FRANKFURT (Reuters) - Deutsche Boerse (DB1Gn.DE) Chief Executive Carsten Kengeter has not yet been exonerated of insider trading allegations, officials said on Thursday, prolonging uncertainty over his future at the German exchange operator.
A public statement from Deutsche Boerse on Tuesday spoke of a deal from the Frankfurt prosecutor in which Kengeter would be cleared of personal wrongdoing and Deutsche Boerse would be fined 10.5 million euros ($12 million).
However, a spokesman for the public prosecutor in Frankfurt said on Thursday the investigation was “open”, and a spokesman for Deutsche Boerse said the proceedings were “ongoing”.
German markets watchdog BaFin is now investigating whether Deutsche Boerse’s statement misled the public.
In a third probe, a German regional regulator announced on Wednesday that it is assessing the fitness of Deutsche Boerse management amid the insider trading allegations.
The local exchange regulator in Germany’s western state of Hesse did not specify who its review focused on. It has the power to remove a board member it deems unfit.
Earlier this year, as Deutsche Boerse discussed a merger with the London Stock Exchange (LSE.L), police and prosecutors searched Kengeter’s office and home amid concerns over Deutsche Boerse share purchases made months before the announcement of merger talks.
Kengeter has always denied allegations of wrongdoing, saying the purchases were part of an official Deutsche Boerse compensation plan. “Insider trading goes against everything I stand for,” he told shareholders in May.
The hypothetical fines of 10.5 million euros on Deutsche Boerse would be for failing to notify the public promptly about the merger talks with the LSE and over the design of its executive share-buying scheme that allowed Kengeter to buy shares in the first place.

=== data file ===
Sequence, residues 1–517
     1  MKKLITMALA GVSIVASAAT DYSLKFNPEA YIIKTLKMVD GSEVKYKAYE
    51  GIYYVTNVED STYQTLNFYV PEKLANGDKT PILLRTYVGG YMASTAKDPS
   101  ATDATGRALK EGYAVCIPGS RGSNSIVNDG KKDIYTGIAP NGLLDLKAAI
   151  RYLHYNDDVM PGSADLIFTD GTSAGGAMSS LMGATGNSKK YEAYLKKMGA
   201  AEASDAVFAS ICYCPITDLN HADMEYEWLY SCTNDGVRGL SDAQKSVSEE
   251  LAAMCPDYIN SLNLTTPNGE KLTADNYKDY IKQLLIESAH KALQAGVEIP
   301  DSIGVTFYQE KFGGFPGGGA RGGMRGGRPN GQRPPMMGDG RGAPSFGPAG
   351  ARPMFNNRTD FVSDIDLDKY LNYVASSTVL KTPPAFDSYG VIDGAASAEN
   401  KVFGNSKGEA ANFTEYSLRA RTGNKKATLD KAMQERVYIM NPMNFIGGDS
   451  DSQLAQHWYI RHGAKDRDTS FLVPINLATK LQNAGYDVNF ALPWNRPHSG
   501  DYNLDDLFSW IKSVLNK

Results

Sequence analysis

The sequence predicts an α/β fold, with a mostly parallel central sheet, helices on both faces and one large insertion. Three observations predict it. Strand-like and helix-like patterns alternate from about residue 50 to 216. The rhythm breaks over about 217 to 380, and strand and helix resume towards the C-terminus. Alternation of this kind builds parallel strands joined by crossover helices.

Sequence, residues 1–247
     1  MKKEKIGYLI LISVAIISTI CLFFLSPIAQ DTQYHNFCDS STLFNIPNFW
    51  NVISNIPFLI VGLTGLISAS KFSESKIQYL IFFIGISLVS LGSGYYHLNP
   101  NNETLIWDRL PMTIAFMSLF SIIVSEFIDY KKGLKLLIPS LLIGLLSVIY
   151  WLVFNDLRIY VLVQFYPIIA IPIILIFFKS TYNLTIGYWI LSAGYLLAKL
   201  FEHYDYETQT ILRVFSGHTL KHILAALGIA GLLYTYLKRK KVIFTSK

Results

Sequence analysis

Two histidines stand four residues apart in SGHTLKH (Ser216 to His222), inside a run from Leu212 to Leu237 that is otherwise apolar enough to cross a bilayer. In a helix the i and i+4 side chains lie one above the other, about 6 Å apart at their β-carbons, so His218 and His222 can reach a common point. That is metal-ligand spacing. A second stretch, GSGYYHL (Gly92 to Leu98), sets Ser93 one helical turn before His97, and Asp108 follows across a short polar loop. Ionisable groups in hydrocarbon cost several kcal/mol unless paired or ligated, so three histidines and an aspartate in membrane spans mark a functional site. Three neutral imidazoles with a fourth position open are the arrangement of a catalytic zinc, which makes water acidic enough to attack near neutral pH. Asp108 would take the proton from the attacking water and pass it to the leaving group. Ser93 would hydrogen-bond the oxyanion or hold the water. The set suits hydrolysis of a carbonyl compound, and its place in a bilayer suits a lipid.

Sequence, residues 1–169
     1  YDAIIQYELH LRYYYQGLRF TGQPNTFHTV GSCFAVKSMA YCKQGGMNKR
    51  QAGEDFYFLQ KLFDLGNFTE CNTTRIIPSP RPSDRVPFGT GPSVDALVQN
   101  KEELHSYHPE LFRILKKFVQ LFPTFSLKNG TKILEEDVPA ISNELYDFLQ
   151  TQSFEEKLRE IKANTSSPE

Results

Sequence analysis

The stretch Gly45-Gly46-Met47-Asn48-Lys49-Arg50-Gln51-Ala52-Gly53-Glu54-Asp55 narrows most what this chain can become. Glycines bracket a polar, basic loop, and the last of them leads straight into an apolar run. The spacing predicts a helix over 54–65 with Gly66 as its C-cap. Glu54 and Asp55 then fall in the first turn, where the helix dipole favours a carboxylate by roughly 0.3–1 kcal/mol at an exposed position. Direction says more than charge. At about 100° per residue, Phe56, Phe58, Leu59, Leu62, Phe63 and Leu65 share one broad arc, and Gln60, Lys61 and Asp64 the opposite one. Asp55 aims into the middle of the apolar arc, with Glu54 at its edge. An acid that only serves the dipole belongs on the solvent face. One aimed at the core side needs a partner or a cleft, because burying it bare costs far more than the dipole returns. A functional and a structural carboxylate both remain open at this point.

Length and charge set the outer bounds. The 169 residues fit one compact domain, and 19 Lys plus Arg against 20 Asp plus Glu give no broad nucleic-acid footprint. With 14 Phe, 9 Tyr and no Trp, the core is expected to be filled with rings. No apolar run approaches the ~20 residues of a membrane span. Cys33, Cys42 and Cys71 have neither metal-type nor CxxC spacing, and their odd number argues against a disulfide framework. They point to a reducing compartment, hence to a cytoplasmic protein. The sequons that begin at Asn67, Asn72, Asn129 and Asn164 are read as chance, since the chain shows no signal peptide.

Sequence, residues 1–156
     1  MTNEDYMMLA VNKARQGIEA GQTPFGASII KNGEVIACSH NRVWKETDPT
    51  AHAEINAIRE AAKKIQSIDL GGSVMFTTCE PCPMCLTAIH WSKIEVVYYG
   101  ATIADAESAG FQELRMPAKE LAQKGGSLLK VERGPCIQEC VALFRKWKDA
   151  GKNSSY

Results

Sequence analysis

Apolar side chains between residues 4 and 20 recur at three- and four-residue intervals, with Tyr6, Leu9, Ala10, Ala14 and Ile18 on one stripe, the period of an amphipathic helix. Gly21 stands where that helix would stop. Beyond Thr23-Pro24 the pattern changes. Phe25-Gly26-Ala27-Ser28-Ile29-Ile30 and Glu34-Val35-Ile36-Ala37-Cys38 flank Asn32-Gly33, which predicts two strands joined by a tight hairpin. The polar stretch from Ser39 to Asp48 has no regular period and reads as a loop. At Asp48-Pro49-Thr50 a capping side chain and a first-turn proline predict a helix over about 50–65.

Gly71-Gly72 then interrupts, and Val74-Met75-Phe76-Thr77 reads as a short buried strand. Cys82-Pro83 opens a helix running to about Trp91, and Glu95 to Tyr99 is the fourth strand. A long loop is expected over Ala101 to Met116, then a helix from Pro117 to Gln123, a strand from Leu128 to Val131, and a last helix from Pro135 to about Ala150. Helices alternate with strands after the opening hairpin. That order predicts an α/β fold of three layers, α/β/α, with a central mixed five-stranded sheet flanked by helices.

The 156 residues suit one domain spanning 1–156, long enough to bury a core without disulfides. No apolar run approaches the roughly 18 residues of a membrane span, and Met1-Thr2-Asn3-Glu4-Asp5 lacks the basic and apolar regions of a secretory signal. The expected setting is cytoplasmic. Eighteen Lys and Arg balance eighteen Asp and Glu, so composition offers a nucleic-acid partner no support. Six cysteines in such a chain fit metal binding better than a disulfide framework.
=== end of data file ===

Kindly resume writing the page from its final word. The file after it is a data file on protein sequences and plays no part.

Kengeter’s three-year contract as CEO expires at the end of March 2018. He has expressed a desire to stay on. The board has been standing behind Kengeter but has balked about an extension until his name is cleared.
Kengeter has kept a low profile since Brussels failed to approve his merger plans with the LSE and amid the insider trading allegations.
The exchange operator has scaled back its ambitious strategy, saying that major mergers were off the table and focusing instead on partnerships, small acquisitions and investment.
Meanwhile, Deutsche Boerse has been trying to cultivate local ties to burnish its image. It plans to spruce up the Frankfurt stock exchange and has sponsored Frankfurt’s local soccer team, Eintracht.
Reporting by Hans Seidenstuecker, Alexander Huebner and Tom Sims; Editing by Edward Taylor and Adrian Croft